The VC of Cambridge University has warned that UK universities are at risk from 'ill-informed' immigration debate. Sir Leszek Borysiewicz, VC of Cambridge, warns that the Conservatives' goal to cut net migration is driven by a "negative account of immigration".
Sir Leszek Borysiewicz, the Vice-Chancellor of the University of Cambridge has warned that the Conservatives’ goal to cut net migration is driven by a “negative account of immigration” that risks damaging UK higher education. He also described the government’s continued inclusion of overseas students in the net migration target as “ludicrous” and “crazy”.
Sir Leszek Borysiewicz's comments are found in a new pamphlet, titled 'The personal and the political in leadership: a story of immigration, students and targets', which was published by the Leadership Foundation for Higher Education. In this pamphlet, Sir Leszek draws on his own background as the Cardiff-raised child of Polish immigrants, whose parents spent two years incarcerated by the Soviet Union in Siberia at the start of the Second World War, before travelling to Egypt and joining the British Army, before settling in Wales in 1947.
The VC writes in the pamphlet: “The welcome that my family received in the UK, and the education that I benefitted from, allowed me to aspire to the highest level of excellence, and instilled in me a belief that access to education should be universal, cutting through national, cultural and class differences.”
Sir Leszek argues that higher education leaders need to “stay close to their values and speak up for a new approach and narrative for international students in the higher education sector” and adds that “one of the biggest threats currently facing UK universities is the issue of international movement and controls on immigration. It is a threat that clashes profoundly with both my values and the values of all higher education institutions, especially research-intensive universities.”
He believes that leading universities “operate at the very highest level in a global higher education market, competing with institutions from across the world, many of which are better funded than we are”. They must therefore remain be able to recruit international staff and students freely. He admits however, that “perhaps in response” to the growth in immigration in the mid-2000s “the political and media narrative has become dominated by a negative account of immigration and a drive to bring immigration ‘under control’, most notably in the Conservative Party’s 2010 general election manifesto commitment to reduce net migration levels to ‘tens of thousands’ a year.”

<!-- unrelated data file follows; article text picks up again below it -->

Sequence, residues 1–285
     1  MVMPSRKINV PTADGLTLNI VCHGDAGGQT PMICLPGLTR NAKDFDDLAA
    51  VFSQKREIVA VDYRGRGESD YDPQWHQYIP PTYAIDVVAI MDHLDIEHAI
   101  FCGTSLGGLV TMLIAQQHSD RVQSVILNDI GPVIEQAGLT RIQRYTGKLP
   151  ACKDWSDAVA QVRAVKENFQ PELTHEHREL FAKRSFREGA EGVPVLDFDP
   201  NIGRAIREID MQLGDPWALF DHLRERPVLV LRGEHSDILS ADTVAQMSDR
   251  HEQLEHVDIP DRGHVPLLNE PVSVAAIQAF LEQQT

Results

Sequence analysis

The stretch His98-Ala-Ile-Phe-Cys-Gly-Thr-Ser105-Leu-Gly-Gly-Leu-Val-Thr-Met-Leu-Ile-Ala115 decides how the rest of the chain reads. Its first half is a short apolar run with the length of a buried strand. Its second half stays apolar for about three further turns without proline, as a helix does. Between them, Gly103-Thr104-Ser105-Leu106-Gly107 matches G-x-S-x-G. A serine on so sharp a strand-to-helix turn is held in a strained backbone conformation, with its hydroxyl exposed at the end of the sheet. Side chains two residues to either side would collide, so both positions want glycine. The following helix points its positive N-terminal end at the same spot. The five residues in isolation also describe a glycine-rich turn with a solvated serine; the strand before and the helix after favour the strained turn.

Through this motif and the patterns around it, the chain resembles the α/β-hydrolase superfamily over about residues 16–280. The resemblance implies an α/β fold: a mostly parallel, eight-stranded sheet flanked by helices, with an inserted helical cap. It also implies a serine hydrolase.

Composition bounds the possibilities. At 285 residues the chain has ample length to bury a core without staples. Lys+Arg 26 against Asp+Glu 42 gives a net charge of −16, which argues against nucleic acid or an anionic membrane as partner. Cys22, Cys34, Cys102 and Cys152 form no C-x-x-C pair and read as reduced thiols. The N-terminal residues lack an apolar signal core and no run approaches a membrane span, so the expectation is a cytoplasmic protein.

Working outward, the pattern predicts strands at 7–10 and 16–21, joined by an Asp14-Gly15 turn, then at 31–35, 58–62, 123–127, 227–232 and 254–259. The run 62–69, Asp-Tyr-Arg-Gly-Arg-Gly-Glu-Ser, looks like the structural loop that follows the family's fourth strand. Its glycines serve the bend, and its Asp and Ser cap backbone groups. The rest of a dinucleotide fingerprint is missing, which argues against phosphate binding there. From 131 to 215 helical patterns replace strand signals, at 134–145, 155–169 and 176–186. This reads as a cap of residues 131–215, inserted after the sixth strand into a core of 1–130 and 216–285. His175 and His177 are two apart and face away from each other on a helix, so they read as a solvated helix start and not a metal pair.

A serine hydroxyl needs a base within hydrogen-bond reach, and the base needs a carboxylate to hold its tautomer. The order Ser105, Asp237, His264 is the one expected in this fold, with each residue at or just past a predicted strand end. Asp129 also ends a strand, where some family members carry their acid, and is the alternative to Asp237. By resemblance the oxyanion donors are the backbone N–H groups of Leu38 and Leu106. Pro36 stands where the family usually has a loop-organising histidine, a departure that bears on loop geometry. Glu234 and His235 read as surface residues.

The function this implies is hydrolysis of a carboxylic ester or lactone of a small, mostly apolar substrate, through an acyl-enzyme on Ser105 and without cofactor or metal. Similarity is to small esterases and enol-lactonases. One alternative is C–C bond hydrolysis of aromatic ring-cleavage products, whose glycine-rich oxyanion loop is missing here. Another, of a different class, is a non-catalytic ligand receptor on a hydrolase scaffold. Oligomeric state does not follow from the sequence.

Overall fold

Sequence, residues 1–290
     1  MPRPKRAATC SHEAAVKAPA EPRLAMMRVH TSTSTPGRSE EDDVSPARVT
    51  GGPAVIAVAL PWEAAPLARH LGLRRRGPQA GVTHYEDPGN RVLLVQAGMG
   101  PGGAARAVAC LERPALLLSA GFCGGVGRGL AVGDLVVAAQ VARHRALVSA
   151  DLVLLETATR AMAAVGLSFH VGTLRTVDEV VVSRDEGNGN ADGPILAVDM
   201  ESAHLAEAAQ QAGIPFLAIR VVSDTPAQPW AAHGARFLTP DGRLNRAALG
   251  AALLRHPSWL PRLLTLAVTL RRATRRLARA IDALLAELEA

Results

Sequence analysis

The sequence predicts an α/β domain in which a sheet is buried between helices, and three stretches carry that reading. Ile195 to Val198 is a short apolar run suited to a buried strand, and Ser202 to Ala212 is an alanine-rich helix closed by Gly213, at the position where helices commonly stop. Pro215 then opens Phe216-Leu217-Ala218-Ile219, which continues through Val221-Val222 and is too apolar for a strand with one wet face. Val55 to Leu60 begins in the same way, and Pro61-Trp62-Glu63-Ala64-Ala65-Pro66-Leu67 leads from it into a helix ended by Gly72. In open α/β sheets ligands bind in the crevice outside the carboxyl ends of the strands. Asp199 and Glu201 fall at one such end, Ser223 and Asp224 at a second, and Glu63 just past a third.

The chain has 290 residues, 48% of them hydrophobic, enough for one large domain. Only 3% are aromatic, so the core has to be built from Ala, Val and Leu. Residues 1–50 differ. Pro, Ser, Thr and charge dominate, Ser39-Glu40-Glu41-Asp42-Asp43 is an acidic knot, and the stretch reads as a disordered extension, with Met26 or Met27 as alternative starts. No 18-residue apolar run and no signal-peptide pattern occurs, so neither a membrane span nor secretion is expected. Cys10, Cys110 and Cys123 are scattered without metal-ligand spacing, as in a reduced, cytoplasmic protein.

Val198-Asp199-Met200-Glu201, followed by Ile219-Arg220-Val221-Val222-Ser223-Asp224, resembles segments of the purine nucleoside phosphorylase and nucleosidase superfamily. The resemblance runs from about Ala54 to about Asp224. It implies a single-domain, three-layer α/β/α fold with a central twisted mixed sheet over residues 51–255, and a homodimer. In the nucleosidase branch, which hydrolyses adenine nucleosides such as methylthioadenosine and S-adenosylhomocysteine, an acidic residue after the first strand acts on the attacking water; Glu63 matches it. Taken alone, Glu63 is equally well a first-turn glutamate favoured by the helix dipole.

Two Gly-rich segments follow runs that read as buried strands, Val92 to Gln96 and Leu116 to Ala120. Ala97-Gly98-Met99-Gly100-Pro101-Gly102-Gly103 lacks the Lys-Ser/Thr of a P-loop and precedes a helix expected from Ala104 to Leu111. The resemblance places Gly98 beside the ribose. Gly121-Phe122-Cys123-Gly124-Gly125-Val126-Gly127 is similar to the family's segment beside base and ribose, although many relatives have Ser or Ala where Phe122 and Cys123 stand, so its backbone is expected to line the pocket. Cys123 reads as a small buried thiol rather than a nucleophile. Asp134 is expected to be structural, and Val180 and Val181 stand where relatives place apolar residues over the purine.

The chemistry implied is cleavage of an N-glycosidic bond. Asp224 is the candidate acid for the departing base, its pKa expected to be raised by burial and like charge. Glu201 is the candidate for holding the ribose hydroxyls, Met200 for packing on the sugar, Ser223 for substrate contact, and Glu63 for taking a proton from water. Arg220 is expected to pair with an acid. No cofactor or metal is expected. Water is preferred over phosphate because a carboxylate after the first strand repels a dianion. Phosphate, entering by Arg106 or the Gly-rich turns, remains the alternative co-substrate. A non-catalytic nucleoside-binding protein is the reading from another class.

The VC cites the economic, cultural and soft power benefits brought to the UK by international students and goes on to warn: “The future of our higher education sector cannot be decided by an intemperate, ill-defined and ill-informed debate on immigration.”
He believes that there a number of changes the sector should press for. He said: “We need to learn from countries like Germany, Ireland, for example, like the United States to make positive efforts to attract students and stop this negativism [around international students]; to make sure we can remain strong competitors in this international education market.”
“For goodness’ sake" he said, "remove international students from the net migration targets. This is one of the most ludicrous measures that we actually have and it seems to be an absolute fixation. It is crazy that we are measuring them at the same time as we are deliberately trying to attract them.”
He also made reference to post-study work visas, which were abolished by the coalition government. Sir Leszek said that the UK should “enhance the opportunities for qualified international graduates to stay in the United Kingdom to work, to set up roots, and to create their businesses and enterprises in the United Kingdom for all our benefits”.